The idea for a tournament pitting the best British and Americans in competition against one another was first conceived by James Dwight, the first president of the U. S. National Lawn Tennis Association when it formed in 1881. Desperate to assess the development of American players against the renowned British champions, he worked tirelessly to engage British officials in a properly sanctioned match, but failed to do so, he tried to entice top international talent to the U. S. and sanctioned semi-official tours of the top American players to Great Britain. Diplomatic relations between Great Britain and the United Stated on the tennis front had strengthened such that, by the mid 1890s, reciprocal tours were staged annually between players of the two nations, an ensuing friendship between American William Larned and Irishman Harold Mahony spurred efforts to formalize an official team competition between the two nations. International competitions had been staged for some time before the first Davis Cup match in 1900.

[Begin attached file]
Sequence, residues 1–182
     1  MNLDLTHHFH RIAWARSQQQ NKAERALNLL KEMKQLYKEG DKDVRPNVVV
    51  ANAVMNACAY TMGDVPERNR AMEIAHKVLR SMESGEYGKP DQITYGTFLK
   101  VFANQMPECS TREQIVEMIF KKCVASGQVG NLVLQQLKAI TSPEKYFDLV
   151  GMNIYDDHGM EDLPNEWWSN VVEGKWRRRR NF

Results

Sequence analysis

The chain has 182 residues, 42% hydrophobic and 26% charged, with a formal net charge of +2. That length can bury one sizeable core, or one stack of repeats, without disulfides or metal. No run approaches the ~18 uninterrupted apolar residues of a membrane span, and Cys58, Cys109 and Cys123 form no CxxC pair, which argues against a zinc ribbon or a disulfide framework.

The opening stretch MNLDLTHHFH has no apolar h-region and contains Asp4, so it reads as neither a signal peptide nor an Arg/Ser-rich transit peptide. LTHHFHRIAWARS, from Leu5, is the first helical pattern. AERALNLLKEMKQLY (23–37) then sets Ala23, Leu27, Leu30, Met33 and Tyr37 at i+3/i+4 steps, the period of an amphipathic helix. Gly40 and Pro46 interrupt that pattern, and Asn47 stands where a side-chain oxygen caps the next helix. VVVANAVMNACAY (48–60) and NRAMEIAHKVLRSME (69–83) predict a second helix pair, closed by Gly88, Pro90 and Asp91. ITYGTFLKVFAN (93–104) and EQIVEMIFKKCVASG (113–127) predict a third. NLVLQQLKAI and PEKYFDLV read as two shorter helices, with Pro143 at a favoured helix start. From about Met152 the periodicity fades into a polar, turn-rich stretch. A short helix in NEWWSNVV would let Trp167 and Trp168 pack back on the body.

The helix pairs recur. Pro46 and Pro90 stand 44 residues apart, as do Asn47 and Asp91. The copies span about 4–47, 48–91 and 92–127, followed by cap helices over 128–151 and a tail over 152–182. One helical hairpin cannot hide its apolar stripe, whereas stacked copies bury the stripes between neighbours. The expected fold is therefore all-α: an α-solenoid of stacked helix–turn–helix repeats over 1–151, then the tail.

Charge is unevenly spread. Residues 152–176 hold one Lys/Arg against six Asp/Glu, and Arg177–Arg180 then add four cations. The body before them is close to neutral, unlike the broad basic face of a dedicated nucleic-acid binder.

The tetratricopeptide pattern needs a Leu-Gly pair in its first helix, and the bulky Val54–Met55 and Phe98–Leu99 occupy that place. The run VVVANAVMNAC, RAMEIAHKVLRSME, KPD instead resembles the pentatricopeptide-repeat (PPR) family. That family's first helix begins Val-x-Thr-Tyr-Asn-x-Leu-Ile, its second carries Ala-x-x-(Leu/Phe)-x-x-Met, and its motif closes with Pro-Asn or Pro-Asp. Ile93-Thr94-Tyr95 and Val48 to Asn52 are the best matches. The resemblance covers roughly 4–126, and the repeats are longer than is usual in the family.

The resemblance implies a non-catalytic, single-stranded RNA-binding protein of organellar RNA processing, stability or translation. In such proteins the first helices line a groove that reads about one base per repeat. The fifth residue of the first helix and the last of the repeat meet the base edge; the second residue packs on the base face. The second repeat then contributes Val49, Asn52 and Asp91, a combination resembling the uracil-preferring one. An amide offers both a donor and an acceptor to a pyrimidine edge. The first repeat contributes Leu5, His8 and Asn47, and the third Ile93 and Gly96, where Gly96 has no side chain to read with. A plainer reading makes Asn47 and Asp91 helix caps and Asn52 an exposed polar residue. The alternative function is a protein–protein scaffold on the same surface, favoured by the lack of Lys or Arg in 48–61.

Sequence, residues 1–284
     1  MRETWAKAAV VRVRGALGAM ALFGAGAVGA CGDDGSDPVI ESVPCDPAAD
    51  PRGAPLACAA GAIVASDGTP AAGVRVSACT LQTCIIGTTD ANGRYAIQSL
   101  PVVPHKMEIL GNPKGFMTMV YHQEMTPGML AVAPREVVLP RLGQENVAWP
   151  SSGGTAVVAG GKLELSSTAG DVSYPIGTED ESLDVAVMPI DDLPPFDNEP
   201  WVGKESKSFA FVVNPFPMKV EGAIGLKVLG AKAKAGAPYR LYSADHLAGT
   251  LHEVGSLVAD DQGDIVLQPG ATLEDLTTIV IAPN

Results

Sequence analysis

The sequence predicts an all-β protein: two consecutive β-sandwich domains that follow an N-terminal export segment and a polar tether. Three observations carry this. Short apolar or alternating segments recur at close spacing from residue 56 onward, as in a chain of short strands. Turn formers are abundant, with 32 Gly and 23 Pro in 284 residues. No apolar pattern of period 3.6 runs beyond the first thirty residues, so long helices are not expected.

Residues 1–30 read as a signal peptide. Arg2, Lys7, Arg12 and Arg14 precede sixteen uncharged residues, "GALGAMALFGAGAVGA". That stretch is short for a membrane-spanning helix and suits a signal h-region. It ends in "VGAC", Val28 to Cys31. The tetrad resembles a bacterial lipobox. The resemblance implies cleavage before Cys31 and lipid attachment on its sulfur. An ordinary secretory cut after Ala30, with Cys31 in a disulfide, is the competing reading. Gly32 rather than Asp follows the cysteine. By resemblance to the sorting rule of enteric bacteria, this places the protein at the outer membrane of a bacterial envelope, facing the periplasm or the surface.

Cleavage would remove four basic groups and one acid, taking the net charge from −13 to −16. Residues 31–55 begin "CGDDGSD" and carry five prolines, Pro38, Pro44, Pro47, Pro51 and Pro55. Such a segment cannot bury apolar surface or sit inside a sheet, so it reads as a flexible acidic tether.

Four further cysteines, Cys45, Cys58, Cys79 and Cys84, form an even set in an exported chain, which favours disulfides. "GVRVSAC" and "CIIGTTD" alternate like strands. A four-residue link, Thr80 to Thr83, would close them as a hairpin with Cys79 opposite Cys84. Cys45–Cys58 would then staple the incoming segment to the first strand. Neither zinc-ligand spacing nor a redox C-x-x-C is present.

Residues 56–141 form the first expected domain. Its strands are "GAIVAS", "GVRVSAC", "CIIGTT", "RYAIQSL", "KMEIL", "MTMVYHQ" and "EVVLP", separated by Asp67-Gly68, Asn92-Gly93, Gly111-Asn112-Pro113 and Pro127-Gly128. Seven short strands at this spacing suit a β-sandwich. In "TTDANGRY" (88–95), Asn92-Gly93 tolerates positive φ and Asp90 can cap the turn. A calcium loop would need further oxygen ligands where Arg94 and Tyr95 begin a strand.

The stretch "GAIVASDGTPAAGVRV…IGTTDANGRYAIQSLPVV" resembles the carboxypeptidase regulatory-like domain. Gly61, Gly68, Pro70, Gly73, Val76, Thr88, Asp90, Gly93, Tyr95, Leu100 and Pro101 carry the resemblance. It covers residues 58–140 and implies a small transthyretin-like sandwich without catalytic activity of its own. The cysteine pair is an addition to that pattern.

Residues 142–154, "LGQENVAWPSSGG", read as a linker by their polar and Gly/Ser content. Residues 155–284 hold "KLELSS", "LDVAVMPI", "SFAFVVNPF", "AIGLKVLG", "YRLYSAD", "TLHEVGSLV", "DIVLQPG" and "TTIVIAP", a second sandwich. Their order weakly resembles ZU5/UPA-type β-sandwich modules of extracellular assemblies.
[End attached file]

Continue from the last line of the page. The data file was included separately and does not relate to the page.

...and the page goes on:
From 1892, England and Ireland had been competing in an annual national-team-based competition, similar to what would become the standard Davis Cup format, mixing single and doubles matches, in 1895 England played against France in a national team competition. During Larned's tour of the British Isles in 1896, where he competed in several tournaments including the Wimbledon Championships, he was a spectator for the annual England vs. Ireland match, he returned to exclaim that Britain had agreed to send a group of three to the US the following summer, which would represent the first British lawn tennis "team" to compete in the U. S. Coincidentally, some weeks before Larned left for his British tour, the idea for an international competition was discussed between leading figures in American lawn tennis - one of whom was tennis journalist E. P. Fischer - at a tournament in Niagara-on-the-Lake, Ontario. Dwight F. Davis was in attendance at this tournament, was thought to have got wind of the idea as it was discussed in the tournament's popular magazine, Davis's name was mentioned as someone who might'do something for the game … put up some big prize, or cup'.